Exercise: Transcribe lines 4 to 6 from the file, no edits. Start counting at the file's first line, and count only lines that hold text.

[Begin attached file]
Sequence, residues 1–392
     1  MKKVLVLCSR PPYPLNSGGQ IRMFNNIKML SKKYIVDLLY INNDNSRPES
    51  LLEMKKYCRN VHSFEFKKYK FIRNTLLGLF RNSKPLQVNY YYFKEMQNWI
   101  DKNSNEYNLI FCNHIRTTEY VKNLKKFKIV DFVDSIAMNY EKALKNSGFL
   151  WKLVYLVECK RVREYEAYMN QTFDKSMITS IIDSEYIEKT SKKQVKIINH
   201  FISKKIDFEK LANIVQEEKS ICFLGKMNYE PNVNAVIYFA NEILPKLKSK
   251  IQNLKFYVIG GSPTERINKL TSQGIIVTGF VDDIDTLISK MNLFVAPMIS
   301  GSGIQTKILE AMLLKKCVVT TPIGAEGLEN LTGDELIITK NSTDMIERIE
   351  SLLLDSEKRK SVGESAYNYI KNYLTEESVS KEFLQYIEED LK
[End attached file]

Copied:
   101  DKNSNEYNLI FCNHIRTTEY VKNLKKFKIV DFVDSIAMNY EKALKNSGFL
   151  WKLVYLVECK RVREYEAYMN QTFDKSMITS IIDSEYIEKT SKKQVKIINH
   201  FISKKIDFEK LANIVQEEKS ICFLGKMNYE PNVNAVIYFA NEILPKLKSK